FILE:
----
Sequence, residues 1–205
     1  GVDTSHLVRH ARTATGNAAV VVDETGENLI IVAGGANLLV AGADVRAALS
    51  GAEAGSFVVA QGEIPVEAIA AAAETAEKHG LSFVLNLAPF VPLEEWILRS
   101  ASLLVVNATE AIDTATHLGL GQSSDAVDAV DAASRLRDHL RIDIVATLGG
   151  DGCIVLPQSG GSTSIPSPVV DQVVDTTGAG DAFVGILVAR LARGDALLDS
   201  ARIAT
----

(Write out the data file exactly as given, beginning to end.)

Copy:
Sequence, residues 1–205
     1  GVDTSHLVRH ARTATGNAAV VVDETGENLI IVAGGANLLV AGADVRAALS
    51  GAEAGSFVVA QGEIPVEAIA AAAETAEKHG LSFVLNLAPF VPLEEWILRS
   101  ASLLVVNATE AIDTATHLGL GQSSDAVDAV DAASRLRDHL RIDIVATLGG
   151  DGCIVLPQSG GSTSIPSPVV DQVVDTTGAG DAFVGILVAR LARGDALLDS
   201  ARIAT